The back houses the power connector, plus Ethernet (RJ-45), HDMI and two USB 3.0 ports. This arrangement means you can keep trailing wires to a minimum. The left edge houses a toggle switch for the wireless radios and a smartcard slot. The wireless toggle is unusual these days, and it means you can disable all wireless connections with one easy action. On the right edge there's an SD card slot, a third USB 3.0 port, a headset/microphone combo jack and a Mini-DisplayPort. This is a wider array of connections than we're used to seeing on ultrabooks, and welcome for it.


The Latitude E7240's Windows Experience Index (WEI) of 6.5 (out of 7.9) is impressive, as we'd expect for a notebook running a top-end Intel processor with 8GB of RAM. The WEI rating of 6.5 corresponds to the lowest component score, which was shared by the two graphics elements — Graphics (desktop performance for Windows Aero) and Gaming Graphics (3D business and gaming graphics performance). As so often with notebooks, integrated graphics is the biggest performance bottleneck.

The remaining scores were all over 7, with 7.2 for Processor (Calculations per second), 7.6 for Memory (RAM Memory operations per second) and a maximum 7.9 for Primary hard disk (Disk data transfer rate). So long as you restrict yourself to graphically undemanding workloads, the Latitude E7240 will deliver excellent performance.

The battery provided with our review sample was a 4-cell, 42Wh unit that slots into the underside of the chassis. We had no trouble getting through a day's work on this battery, including at least an hour's Wi-Fi usage.

Sound quality is particularly good, with unusually deep bass tones; you can also actually hear stereo effects from the laptop itself. Volume is loud, and the bass distortion at higher volume is, for a notebook, minimal: Dell has delivered the best sound we've heard from a notebook in a long time. Presentations involving music content could easily be delivered direct to a small audience using the Latitude E7240.


The Dell Latitude E7240 is a curate's egg of an ultrabook. It's solidly made and well connected, with impressive performance and excellent audio output. It also benefits from a cable-conscious attitude to the arrangement of ports and connectors.

Unfortunately it's let down by a keyboard that we can only describe as poor, and a lack of configuration options for operating system, storage capacity and type, screen resolution and touch support (in the UK at any rate). It's a pity Dell didn't go the extra mile to create a truly superb business ultrabook. As it stands, it's merely a very good one.


Dimensions (W x H x D) 31.05 x 2.0 x 21.1 cm
Case form factor clamshell
Weight 1.36 kg
OS & software
Operating system Windows 7 Professional
Chipset & memory
RAM installed 8096 MB
Number of memory slots 2
RAM capacity 8 GB
GPU Intel HD Graphics 4400
GPU type integrated
Video connections HDMI, Mini-DisplayPort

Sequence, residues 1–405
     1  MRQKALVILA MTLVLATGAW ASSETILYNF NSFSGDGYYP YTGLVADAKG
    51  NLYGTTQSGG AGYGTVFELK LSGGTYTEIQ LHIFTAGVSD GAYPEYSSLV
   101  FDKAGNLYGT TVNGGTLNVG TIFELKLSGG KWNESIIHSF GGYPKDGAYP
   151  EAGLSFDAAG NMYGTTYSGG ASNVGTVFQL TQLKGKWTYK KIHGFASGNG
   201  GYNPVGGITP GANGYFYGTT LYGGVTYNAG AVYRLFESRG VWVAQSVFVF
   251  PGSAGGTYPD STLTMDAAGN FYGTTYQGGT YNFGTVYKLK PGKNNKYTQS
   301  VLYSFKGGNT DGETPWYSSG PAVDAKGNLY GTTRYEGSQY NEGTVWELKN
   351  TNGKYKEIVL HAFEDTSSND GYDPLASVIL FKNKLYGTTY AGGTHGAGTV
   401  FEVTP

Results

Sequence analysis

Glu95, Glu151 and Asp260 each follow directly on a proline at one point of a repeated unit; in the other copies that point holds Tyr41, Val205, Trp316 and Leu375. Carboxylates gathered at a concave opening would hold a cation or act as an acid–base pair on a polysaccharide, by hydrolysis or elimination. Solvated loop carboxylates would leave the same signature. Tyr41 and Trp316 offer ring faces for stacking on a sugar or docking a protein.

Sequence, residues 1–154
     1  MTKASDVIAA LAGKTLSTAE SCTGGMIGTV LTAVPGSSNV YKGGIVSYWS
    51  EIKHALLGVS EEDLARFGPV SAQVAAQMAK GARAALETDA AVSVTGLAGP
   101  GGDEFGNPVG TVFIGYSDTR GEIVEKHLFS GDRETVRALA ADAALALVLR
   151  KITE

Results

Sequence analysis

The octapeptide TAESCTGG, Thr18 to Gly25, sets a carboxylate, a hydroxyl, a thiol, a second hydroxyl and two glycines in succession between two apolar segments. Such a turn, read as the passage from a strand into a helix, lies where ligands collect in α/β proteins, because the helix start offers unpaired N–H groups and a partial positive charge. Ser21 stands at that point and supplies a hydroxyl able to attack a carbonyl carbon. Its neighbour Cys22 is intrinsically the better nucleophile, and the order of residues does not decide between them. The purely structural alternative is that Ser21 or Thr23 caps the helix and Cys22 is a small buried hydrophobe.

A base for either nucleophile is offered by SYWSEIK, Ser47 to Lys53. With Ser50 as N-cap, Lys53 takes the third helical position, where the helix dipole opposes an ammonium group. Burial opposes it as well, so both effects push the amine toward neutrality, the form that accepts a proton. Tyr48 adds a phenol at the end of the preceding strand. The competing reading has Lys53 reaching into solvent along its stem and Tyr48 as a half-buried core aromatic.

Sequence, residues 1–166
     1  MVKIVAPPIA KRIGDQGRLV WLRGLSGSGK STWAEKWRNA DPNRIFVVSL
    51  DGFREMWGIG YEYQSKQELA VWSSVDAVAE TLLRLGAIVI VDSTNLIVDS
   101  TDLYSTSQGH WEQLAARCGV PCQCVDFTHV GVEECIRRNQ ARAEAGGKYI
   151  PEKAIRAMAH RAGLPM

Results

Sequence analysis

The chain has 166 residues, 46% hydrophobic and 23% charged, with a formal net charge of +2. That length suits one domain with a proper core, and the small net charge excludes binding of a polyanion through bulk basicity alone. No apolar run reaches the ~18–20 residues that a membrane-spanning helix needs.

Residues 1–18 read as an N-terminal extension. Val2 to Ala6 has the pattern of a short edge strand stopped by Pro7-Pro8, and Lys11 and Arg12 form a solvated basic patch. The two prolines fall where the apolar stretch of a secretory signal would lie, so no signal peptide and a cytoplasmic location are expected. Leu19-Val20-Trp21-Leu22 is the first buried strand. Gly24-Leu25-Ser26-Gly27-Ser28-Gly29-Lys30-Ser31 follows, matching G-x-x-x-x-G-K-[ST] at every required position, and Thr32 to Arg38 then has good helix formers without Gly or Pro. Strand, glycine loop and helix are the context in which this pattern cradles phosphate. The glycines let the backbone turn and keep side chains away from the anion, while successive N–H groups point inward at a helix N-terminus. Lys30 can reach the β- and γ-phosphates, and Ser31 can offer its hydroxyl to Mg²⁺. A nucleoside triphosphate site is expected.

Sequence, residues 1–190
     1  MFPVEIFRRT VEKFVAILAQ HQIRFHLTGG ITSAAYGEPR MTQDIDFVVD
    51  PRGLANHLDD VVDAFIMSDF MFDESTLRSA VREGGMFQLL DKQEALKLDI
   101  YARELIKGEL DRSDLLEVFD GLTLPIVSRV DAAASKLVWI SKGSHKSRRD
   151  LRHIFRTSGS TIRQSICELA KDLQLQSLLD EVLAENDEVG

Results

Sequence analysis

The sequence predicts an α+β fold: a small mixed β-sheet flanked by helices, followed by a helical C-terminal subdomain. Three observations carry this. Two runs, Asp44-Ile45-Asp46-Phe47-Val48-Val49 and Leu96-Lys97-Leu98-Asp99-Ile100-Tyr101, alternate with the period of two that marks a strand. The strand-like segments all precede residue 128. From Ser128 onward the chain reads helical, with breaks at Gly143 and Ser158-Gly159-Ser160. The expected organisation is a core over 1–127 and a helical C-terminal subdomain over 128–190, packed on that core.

Display technology TFT (active matrix)
Display size 12.5 in
Native resolution 1366x768 pixels
USB 3 x USB 3.0
Docking station port 1
Smartcard 1
Flash card SD-compatible media
Ethernet 10/100/1000 Gigabit Ethernet
Wi-Fi 802.11a, 802.11b, 802.11g, 802.11n, 802.11ac
Bluetooth 4.0
Mobile broadband HSPA+
Pointing devices two-button multitouch touchpad
Keyboard backlit, with contiguous keys
Fingerprint reader Yes
Main camera front
Main camera resolution 2 megapixels
Speakers stereo
Audio processor RealTek HD Audio
Microphone yes
Accessories AC adapter
Other fingerprint reader
Service & support
Standard warranty 3 years
Battery technology Li-ion (4-cell, 42Wh)
Number of batteries supplied 1
Number of batteries supported 1
Removable battery Yes
3.xG HSPA+
Processor & memory
Clock speed 2.1 GHz
Processor manufacturer Intel
Processor model Core i7-4600U
Solid-state drive
Interface SATA III
Capacity 256 GB


Price GBP 1259
Price USD 1749

Topics: Laptops, Hardware, Mobility, Reviews

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  • Size seems to be right


    Sounds like you have covered most of the bases. I have been searching for my next device and a Windows 8 touch device in the 12 - 13.3" inch category is what I have settled on. Anything else seems to me to be too small or large for a wide variety of use positions (plane, home, meeting, etc...) so I think this device is in the "sweet spot" as far as size. Someone (Dell) would be wise to make a version of this that is less "Ultra" for those of us who aren't THAT big of a road warrior to justify such a high price tag.
    • Integrated vid.

      And a business model with Discrete grahics. Otherwise the manufacturer ain't really trying.
  • Dell is Low Quality & Intel is Expensive


    All the sexy touch windows are terrible and very expensive. We bought new laptops and computers to meet our needs but ended up to return all of them with new Microsoft Windows 8 and Intel Inside.
    I highly recommend you look into powerful AMD and cool Linux Ubuntu solution at cost effective. We did. We passed on saving: all the users have minimum 21' monitors with their new computer for fast applications and more productivity.
    Happy Priceless New Year 2014
  • Can't get excited anymore about Dell


    With Windows 8 not impressing me in the least and the cost of a PC up because of touch screens which again I don't want. I just don't get excited about buying a PC. I have a aging Windows 7 Toshiba with a 2nd Gen i3 which does what I need it to. Sure, I would like a bit more speed and battery life. But I am in a quandary about what to do after Windows 7. I may go back to a Mac if I could convince myself that OS X won't take any dramatic changes to its UI and its core functions. I'll be interested to see if Dell does what some other PC makers are doing. Bringing back Windows 7 options.